Monday, April 28, 2008

Wii & Fit : Shortage is Bliss

Here we go again.
One year and a half later, never tired of pretending unsolvable shortages (I emphasize on the “unsolvable”, like anyone’s still buying it these days), we’re getting another distress call from cool Nintendo of America’s President & COO Reginald Fils-Aime.

Pachter, from Wedbush Morgan, has an interesting explanation to this shortage issue.
He says that there’s not enough Wiis in the USA because the dollar is weak, and even selling trucks of Wiis doesn’t make as much money as it does when selling less of them elsewhere (this elsewhere most likely being Europe, home of the cash cows). Mr. Pachter believes that the European market will soon reach a point where it couldn’t absorb that many Wiis, and the excess will be redirected to the US.
Hmm, good.

Yes, the shortage is not a lie. However, the claim that these shortages were totally unexpected and can’t be corrected, 18 months later, is not really credible.

There are plenty of reasons why the product’s fine marketing balance (super juicy ROI) has to be maintained, which explain why Nintendo wouldn’t do something as stupid as actually meeting demand and then sell their consoles at cheaper prices than those of the competitors craving for more sales worldwide, then saturating the market and almost killing off their buzz machine in the process.

Maybe Reggie is genuinely pissed off about Mother Nintendo’s refusal to lay more units in the US, but really, doesn’t it make sense for the conservative house to act like this?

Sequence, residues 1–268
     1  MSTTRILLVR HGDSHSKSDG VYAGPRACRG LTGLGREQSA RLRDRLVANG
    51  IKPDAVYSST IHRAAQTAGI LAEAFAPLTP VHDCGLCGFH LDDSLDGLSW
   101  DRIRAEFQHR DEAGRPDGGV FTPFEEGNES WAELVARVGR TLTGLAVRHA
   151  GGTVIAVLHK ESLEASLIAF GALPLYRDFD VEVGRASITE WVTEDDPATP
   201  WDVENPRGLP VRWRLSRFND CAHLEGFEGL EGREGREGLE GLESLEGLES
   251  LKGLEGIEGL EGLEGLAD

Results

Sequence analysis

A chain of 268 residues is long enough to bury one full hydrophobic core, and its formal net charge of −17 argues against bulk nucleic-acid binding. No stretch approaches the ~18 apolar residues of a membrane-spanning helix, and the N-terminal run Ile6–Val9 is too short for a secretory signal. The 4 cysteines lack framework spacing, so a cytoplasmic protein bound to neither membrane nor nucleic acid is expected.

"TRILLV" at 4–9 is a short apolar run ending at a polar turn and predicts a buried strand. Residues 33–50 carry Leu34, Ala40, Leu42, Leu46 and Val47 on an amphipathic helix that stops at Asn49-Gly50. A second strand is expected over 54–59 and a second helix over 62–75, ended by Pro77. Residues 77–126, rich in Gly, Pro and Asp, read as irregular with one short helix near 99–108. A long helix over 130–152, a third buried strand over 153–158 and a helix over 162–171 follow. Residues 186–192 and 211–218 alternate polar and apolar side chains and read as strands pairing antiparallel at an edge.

The Wii is not the best game seller out there apparently. The console sells a lot, but it appears that the new type of console buyers are not particularly loyal, a poor bet to boost games sales (oh the surprise)… hardcore players are not a problem here, as they’ll buy a lot of titles… well, only if titles there are.

So what’s better? Make the higher returns on console sales alone (including overpriced bundles and accessories), or sell more consoles at a lower price, lowering direct revenues, but planning on future games sales on the longer term (better attach rates than now)?

Well, the second option is going to be slightly hazardous at the moment, because some people, probably developers, seem to have a field day bashing the “plastic toy” when they’re asked about their opinions on the machine, which somehow fuels the current idea that behind the curtain, it’s not really such a successful console, as some of them seem more genuinely concerned about the algorithmic abilities of the machine than how much Wiiz Nintendo has sold throughout their whole carpet bombing campaign.

We remember Hecker’s rant at the GDC, which ended up, the next day or so, with the same man squealing in a big room full of Big N representatives, as he was forced to crawl with a big pain stick (wiimote) shoved up his arse, while begging for absolution for his sins.
Globally, this is not how the situation is seen from major publishers though, and frankly, if you want to make money at lower costs, the Wii’s rather a good choice.
Anyway, it’s not an elite’s secret that the newer and richer game catalogues aren’t found on the Wii, so it’s wise not to bet on unsure games sales.

Those explanations aside, you’d have thought that we’d be done with this. Shorter jokes are the best after all.

Well, apparently the farce seems to be so entertaining that it’s worth a spin-off… we’re going into Wii Fit shortages now.

“Sorry people, we couldn’t predict that our fadtastic interactive gaming balance would be such a success!”

Shortages of platform balances? …



That’s like saying there’s a shortage of doorknobs, toilets, toothpaste, cups or whatever mundane stuff you use at least twice a day.

But we all know the truth about the shortages.

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